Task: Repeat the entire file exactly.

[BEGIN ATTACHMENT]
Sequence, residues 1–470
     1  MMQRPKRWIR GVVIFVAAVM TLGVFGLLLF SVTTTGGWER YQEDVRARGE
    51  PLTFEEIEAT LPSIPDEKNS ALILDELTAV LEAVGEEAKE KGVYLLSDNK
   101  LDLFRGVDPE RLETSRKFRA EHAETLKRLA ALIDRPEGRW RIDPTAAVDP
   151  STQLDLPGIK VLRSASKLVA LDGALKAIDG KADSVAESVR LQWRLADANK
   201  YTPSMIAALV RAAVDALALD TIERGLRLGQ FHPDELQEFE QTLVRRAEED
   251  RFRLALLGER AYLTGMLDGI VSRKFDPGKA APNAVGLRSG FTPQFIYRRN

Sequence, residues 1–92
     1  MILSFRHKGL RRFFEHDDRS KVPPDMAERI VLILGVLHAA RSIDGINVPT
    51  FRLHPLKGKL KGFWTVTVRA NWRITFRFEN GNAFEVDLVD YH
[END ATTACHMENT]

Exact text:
Sequence, residues 1–470
     1  MMQRPKRWIR GVVIFVAAVM TLGVFGLLLF SVTTTGGWER YQEDVRARGE
    51  PLTFEEIEAT LPSIPDEKNS ALILDELTAV LEAVGEEAKE KGVYLLSDNK
   101  LDLFRGVDPE RLETSRKFRA EHAETLKRLA ALIDRPEGRW RIDPTAAVDP
   151  STQLDLPGIK VLRSASKLVA LDGALKAIDG KADSVAESVR LQWRLADANK
   201  YTPSMIAALV RAAVDALALD TIERGLRLGQ FHPDELQEFE QTLVRRAEED
   251  RFRLALLGER AYLTGMLDGI VSRKFDPGKA APNAVGLRSG FTPQFIYRRN

Sequence, residues 1–92
     1  MILSFRHKGL RRFFEHDDRS KVPPDMAERI VLILGVLHAA RSIDGINVPT
    51  FRLHPLKGKL KGFWTVTVRA NWRITFRFEN GNAFEVDLVD YH